There's always a risk in putting together a textbook for students. The risk is that it's going to be read by scholars and specialists who may judge it more in the light of their own research interests than in terms of its avowed audience design. The general editor of the series The American Novel in which New Essays on The Crying of Lot 49 appears, Emory Elliott, says clearly that the series, including this book, is meant "to provide students of American literature and culture with introductory critical guides to American novels now widely read and studied" (vii-viii). If we allow for the fact that most English departments still want their students to offer up more or less explanatory/appreciationist essays and term-papers on these novels, then the O'Donnell volume offers five exemplary cases for the intended audience.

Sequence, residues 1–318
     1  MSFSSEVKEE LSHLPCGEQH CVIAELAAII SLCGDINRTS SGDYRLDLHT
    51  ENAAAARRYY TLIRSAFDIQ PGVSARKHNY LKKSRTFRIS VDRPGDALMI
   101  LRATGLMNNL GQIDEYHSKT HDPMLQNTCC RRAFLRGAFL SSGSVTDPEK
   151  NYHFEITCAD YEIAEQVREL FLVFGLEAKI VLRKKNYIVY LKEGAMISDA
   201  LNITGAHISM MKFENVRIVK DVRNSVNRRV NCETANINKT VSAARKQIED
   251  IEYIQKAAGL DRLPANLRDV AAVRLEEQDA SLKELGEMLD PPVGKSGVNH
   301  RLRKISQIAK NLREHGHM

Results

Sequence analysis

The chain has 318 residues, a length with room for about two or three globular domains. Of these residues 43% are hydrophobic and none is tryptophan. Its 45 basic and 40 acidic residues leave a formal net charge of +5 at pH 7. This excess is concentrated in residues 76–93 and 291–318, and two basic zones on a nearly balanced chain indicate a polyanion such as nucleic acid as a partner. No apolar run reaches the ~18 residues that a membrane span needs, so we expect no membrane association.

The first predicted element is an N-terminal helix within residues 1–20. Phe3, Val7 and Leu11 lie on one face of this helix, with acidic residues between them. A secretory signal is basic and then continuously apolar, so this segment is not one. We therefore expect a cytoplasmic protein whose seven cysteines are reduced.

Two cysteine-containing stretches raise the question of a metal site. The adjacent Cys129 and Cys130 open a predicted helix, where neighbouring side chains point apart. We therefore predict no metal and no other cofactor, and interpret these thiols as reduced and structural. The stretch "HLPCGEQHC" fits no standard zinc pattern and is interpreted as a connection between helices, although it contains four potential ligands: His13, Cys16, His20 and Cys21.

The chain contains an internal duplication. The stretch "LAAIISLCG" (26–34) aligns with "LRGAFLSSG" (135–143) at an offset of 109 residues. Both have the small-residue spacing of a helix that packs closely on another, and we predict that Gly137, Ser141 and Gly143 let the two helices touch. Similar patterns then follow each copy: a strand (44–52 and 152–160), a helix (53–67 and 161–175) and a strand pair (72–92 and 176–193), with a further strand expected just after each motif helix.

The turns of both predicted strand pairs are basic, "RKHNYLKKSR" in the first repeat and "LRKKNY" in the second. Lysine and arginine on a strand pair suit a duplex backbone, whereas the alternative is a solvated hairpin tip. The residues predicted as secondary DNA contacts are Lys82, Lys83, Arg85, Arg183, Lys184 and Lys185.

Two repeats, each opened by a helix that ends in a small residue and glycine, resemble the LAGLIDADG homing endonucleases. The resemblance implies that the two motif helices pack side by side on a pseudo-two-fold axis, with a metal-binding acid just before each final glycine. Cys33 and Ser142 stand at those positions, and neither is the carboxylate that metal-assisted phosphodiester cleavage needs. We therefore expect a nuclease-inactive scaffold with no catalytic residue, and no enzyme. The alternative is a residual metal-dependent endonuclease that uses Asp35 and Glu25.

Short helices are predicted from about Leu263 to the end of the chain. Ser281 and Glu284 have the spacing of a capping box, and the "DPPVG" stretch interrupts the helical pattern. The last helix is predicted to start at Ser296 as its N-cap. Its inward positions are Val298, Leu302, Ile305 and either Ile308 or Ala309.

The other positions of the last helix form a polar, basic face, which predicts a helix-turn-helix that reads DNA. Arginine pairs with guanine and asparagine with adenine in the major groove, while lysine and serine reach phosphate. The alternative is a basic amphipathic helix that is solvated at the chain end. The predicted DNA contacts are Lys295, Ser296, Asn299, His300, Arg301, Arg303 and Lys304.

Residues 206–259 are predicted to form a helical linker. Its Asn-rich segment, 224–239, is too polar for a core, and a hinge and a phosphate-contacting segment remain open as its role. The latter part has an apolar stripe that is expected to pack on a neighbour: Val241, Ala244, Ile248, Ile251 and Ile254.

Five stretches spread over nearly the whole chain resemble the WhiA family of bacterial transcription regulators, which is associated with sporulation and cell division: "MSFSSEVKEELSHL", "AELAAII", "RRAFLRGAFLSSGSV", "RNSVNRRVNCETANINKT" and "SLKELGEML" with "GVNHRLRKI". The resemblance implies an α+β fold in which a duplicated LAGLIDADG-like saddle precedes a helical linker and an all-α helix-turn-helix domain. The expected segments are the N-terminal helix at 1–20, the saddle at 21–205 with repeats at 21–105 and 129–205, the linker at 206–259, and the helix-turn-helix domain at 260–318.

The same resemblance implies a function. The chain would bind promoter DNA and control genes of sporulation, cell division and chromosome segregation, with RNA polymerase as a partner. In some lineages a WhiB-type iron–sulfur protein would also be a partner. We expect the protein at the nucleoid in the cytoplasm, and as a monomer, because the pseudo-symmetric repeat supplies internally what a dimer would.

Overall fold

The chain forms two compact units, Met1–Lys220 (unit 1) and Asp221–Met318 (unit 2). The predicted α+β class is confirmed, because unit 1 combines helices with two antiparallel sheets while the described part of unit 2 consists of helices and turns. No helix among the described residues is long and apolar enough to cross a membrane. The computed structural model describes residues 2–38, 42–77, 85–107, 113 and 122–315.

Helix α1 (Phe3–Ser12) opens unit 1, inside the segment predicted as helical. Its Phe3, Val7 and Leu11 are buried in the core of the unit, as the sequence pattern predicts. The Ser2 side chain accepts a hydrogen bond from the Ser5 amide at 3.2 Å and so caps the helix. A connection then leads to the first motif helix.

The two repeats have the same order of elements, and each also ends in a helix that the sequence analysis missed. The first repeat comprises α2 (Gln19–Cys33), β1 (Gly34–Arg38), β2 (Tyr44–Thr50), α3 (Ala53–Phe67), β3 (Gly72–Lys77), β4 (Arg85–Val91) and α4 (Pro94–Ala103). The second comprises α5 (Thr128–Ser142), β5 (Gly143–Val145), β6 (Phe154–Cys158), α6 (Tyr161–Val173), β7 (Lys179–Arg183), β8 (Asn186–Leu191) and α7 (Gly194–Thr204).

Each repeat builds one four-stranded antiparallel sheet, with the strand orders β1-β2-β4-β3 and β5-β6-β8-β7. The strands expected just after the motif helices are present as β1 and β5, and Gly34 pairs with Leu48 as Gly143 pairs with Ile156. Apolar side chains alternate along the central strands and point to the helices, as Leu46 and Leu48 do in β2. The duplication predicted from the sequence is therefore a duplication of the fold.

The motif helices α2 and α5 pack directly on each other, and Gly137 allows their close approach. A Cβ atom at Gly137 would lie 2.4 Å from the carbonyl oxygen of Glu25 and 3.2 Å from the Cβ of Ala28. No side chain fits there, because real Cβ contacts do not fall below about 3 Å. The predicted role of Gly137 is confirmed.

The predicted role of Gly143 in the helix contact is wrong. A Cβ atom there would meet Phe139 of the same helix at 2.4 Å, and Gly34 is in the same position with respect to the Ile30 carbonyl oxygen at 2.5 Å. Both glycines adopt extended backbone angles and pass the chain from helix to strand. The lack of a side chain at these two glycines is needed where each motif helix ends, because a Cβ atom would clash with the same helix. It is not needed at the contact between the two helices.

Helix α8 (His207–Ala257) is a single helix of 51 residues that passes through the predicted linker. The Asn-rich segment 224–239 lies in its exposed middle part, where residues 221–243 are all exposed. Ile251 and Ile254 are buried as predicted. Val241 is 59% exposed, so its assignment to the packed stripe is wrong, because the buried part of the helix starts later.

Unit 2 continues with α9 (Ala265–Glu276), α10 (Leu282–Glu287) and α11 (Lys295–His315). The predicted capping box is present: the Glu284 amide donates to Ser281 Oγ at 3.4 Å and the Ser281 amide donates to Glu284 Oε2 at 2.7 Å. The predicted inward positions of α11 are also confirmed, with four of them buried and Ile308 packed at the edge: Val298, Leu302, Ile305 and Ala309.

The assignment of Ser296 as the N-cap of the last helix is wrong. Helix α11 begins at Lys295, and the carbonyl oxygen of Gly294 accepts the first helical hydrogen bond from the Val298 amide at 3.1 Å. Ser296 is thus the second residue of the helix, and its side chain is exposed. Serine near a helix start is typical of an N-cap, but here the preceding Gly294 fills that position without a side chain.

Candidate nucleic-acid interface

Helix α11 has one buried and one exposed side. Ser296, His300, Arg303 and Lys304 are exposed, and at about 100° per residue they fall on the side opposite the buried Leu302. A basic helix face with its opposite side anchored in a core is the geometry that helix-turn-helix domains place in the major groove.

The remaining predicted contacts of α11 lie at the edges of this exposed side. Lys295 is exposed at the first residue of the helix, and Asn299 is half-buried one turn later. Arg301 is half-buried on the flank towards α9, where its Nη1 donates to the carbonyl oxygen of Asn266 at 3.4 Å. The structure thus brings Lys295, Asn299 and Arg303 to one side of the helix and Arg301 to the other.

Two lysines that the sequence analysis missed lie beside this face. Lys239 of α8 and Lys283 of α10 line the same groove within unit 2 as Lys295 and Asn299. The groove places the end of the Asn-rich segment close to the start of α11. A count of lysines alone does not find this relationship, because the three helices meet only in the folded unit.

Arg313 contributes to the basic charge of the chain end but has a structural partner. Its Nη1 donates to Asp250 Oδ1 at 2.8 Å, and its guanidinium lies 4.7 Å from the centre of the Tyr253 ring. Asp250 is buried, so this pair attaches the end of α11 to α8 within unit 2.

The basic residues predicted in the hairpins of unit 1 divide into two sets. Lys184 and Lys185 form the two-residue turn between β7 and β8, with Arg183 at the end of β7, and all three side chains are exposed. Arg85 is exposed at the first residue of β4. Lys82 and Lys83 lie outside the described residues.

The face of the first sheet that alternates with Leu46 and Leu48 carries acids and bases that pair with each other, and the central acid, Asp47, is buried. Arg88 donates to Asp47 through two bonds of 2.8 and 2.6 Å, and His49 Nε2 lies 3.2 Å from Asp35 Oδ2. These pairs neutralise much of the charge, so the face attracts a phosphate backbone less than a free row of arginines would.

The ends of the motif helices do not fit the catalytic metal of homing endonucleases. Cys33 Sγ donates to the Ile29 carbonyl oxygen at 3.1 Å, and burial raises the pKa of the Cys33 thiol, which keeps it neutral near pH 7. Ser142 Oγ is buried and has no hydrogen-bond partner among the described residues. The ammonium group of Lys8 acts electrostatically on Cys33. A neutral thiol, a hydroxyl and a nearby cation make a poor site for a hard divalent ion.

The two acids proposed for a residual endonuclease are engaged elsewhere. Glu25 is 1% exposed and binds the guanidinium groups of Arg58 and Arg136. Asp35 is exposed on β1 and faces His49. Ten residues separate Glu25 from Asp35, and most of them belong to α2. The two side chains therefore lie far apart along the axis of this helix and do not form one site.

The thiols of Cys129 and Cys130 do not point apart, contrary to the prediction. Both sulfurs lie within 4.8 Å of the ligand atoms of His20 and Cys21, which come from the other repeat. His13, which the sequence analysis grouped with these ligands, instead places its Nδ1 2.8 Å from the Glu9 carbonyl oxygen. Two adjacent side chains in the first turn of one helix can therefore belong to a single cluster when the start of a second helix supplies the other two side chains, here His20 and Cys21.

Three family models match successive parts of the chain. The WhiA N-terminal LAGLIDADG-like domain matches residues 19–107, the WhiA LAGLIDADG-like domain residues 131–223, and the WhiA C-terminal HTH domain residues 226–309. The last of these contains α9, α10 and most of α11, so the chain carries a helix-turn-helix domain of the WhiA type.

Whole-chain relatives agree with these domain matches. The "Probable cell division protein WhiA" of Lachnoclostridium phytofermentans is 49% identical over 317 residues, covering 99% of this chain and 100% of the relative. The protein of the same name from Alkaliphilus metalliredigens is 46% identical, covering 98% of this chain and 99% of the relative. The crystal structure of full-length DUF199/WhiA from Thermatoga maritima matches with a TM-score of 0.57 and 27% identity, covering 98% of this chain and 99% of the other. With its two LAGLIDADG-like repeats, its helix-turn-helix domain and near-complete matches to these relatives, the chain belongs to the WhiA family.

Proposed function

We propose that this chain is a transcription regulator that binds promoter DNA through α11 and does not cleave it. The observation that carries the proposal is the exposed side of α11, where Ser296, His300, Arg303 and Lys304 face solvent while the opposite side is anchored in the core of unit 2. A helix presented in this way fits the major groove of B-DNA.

How to Cite:
McHoul A., (1991) “How to Write an Essay on Thomas Pynchon”, Pynchon Notes 0(0). p.157-167. doi: https://doi.org/10.16995/pn.266